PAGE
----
As we continue to explore new ways of bringing the arts to our community, we also want to take a step back and celebrate an important milestone in our organization’s rich history.
This fall, Quad City Arts is celebrating its 50th anniversary, dedicated to enriching the quality of life in the Quad-City region through the arts.
Looking back at the impact, the Quad-Cities would not be the Quad-Cities without Quad City Arts.
Founded in August 1970 as Quad City Arts Council, we are a nonprofit arts organization serving a six-county area in eastern Iowa and northwestern Illinois.
We are passionate about the growth and vitality of the Q-C region through the arts and for the past 50 years, have been committed to making quality arts education accessible to everyone through arts opportunities, programming, and community events.
Among hallmarks of Quad City Arts is the Visiting Artist Series, which started in 1974 – to present multi-disciplinary performing arts residencies in schools and community sites -- and has brought us more than 600 artists, 424 residencies, 10,000 school visits, 400 concerts, and over 2.6 million people reached. In 2019 alone, the series impacted 24,649 K-12 students.
The Festival of Trees launched in 1986, and has served as the primary fundraiser for Quad City Arts since its inception, bringing together 3,000 volunteers each year to put on 11 days of events (including a 98-member steering committee). The Visiting Artist Series, Festival of Trees and Quad City Arts Council officially merged into one entity in 1988.
Acting on an urban renewal opportunity in 1990, Quad City Arts began the renovation of a former department store for its offices and gallery space that became the cornerstone project in the revitalization of Rock Island’s downtown, The Arts & Entertainment District.
The Quad City Arts Center Gallery has been central to the organization for 27 years offering more than 2,500 square feet of space showcasing some of the most unique artwork in the area.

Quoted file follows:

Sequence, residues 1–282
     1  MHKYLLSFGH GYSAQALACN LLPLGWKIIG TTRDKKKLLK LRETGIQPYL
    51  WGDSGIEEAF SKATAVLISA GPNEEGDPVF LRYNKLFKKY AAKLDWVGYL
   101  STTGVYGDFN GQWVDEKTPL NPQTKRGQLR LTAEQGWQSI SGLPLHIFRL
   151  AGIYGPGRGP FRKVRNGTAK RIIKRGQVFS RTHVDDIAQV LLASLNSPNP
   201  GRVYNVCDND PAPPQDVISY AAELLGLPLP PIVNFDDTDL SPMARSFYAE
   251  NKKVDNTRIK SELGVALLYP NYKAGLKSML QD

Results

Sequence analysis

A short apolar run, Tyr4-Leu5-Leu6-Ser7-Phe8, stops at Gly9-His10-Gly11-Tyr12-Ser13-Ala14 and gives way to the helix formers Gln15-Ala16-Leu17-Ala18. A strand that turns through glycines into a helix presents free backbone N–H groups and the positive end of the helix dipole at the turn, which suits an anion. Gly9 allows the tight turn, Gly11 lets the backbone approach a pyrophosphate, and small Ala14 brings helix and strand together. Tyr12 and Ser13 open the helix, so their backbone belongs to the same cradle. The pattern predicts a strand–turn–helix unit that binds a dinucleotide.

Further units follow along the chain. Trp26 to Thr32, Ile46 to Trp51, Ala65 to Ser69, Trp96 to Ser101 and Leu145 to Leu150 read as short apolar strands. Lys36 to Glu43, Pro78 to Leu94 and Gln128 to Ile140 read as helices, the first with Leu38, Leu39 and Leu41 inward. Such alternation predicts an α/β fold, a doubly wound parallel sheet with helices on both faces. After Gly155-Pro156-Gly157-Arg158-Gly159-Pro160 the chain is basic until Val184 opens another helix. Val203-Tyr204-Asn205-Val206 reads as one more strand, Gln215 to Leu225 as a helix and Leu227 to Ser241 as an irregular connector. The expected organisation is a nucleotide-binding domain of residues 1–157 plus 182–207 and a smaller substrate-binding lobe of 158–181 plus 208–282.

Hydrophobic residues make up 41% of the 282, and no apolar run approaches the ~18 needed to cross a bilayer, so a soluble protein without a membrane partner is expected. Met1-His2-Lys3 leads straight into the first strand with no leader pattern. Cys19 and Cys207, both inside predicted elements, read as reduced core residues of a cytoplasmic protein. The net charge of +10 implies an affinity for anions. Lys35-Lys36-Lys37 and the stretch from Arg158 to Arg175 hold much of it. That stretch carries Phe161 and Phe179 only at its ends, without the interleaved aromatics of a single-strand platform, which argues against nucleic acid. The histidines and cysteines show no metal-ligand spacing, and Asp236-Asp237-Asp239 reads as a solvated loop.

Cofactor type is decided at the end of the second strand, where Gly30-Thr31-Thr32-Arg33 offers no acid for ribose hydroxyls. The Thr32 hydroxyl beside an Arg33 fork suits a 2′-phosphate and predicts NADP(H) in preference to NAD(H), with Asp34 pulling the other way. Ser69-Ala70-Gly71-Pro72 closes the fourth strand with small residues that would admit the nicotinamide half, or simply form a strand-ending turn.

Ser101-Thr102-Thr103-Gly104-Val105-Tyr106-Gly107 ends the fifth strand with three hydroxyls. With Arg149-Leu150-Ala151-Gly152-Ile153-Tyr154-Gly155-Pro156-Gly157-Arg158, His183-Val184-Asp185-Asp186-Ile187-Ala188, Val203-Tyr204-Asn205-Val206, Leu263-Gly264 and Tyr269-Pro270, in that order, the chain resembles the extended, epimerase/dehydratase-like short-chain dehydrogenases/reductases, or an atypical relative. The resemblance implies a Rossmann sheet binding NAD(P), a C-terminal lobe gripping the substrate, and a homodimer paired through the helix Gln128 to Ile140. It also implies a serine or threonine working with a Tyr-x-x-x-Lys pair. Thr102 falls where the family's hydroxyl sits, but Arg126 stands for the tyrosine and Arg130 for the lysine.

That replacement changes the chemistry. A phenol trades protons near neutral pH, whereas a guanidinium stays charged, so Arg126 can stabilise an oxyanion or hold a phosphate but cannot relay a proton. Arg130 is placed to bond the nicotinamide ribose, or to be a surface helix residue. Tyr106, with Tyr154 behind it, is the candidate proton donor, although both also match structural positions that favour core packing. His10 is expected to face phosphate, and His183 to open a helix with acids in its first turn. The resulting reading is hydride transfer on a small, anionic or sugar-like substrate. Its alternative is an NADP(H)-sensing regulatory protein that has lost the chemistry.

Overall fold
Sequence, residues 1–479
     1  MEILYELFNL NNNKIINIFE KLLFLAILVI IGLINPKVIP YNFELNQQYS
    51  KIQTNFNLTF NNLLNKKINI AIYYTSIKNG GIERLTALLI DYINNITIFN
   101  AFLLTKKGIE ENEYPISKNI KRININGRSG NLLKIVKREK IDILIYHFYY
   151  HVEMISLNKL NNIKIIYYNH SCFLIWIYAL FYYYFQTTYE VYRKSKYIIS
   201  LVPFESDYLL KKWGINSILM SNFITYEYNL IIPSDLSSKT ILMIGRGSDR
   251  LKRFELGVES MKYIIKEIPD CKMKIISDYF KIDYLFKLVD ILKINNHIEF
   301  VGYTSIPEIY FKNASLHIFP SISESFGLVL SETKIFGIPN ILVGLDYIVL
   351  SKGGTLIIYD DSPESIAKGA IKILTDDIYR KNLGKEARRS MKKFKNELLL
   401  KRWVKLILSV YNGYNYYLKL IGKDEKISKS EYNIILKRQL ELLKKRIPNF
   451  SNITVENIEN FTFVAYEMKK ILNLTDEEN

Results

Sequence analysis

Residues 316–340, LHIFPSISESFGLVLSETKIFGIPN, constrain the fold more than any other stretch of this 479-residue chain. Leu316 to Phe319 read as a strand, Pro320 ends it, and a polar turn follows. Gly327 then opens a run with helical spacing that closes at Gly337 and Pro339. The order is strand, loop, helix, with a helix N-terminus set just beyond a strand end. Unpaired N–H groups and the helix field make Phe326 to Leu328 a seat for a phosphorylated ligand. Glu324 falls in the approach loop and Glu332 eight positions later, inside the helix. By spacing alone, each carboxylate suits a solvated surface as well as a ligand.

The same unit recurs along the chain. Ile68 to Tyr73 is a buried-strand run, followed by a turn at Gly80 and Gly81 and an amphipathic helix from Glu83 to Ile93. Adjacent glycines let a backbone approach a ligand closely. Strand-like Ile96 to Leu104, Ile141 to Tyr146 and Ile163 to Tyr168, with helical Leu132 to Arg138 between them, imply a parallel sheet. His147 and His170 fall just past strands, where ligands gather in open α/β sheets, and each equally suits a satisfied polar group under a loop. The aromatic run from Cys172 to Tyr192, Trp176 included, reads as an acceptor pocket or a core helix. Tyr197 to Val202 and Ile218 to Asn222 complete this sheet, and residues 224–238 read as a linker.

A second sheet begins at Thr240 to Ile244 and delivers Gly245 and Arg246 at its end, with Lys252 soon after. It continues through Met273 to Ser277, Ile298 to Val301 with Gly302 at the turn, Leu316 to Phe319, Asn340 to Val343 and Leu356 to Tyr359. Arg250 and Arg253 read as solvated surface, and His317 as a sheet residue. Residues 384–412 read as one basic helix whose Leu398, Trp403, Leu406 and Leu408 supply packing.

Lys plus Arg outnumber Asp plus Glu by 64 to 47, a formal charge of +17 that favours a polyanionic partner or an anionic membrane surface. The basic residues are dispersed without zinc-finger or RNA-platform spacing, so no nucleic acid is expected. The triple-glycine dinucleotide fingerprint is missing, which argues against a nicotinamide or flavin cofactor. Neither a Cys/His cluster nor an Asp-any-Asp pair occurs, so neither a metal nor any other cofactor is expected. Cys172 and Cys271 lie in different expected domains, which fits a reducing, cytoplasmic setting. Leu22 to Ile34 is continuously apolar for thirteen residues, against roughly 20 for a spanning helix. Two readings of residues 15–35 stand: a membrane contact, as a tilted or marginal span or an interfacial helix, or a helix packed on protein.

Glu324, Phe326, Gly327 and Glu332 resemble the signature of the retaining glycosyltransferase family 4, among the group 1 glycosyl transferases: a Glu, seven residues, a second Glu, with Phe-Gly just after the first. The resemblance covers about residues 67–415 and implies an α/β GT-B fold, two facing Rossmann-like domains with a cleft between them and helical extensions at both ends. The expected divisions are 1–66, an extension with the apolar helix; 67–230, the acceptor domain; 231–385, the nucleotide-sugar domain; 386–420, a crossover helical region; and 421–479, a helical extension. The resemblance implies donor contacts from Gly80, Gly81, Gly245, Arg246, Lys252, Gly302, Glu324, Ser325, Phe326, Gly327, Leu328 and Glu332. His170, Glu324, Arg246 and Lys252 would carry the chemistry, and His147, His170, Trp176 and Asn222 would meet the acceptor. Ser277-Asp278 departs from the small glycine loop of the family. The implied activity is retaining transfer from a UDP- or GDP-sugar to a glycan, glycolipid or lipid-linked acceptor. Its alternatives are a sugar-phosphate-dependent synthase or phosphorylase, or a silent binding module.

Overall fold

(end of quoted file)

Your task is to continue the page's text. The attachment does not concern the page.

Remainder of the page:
This popular space is frequently used for informal musical and literary performances and for special community group meetings.
Quad City Arts has expanded its programs over the years, starting with the annual High School Art Invitational in 1977; the Arts Dollars grant program in 1979; the Metro Arts Youth Apprenticeship program and Art at the Airport in 2000; and the Public Sculpture Program in 2008.
Chalk Art Fest started in 2017, and this year, we started taking over some MidCoast Fine Arts programming (since that nonprofit disbanded in the spring), including Riverssance Festival of Fine Art and the High School Pastel Competition. While those did not occur this year, we do plan to continue them in 2021.
In 2019, through all its public programs (including visiting artists, concerts, exhibits, and Festival of Trees), Quad City Arts attracted a total of over 304,000 people, displayed the work of 266 artists, and re-granted over $90,000 to individual artists and organizations in support of community arts projects.
“In the cultural structure of the Quad-Cities, the institutions like the Putnam, Figge and Symphony are the bricks; however, Quad City Arts is the mortar,” recent board president and longtime volunteer Chris Rayburn said. “Quad City Arts is the glue that connects the arts with the community. It is less visible than the ‘bricks,’ but it is everywhere, and it is every bit as essential.”
Former President/CEO of W.G. Block (a concrete, sand and gravel company), and a practicing artist himself, Rayburn has been part of the nonprofit for nearly 30 years and is proud of the fact he’s served two terms as board president 20 years apart.
“I am equally proud of my work curating and installing the exhibition space at the airport for so many years. It is truly a showcase for both local and regional art and artists,” he said. “Honestly, I am proud of every minute I have spent with Quad City Arts.”
Rayburn is especially impressed with executive director Kevin Maynard (who began in December 2018), who he said “is leading a fantastic staff of extremely dedicated and hard-working professionals. The organization has a fantastic board of directors, is on strong financial footing and is really leaning into its future,” Rayburn said.
“There are many exciting opportunities for growing Quad City Arts’ current programs and also expanding in new directions,” he said. “The needs in the community are great, but what is exciting to me is that Quad City Arts has strong support to help meet these needs and beyond.”
“What I love most about Quad City Arts is the passion of our staff and volunteers to present art programming in many different forms to as many people as we can possibly reach,” said Dawn Wohlford-Metallo, visual arts director since 2001, who oversees the main gallery at 1715 2nd Ave., Rock Island, and gallery at Moline’s Quad City International Airport.
“We invest time to seek out individuals who are not aware of our programs and offer access to opportunities for them -- by inviting regional artists to enter work for exhibition or making sure an underprivileged child has transportation and a free ticket to a performance,” she said. “What I like most about my job is the variety. No day is just like another.”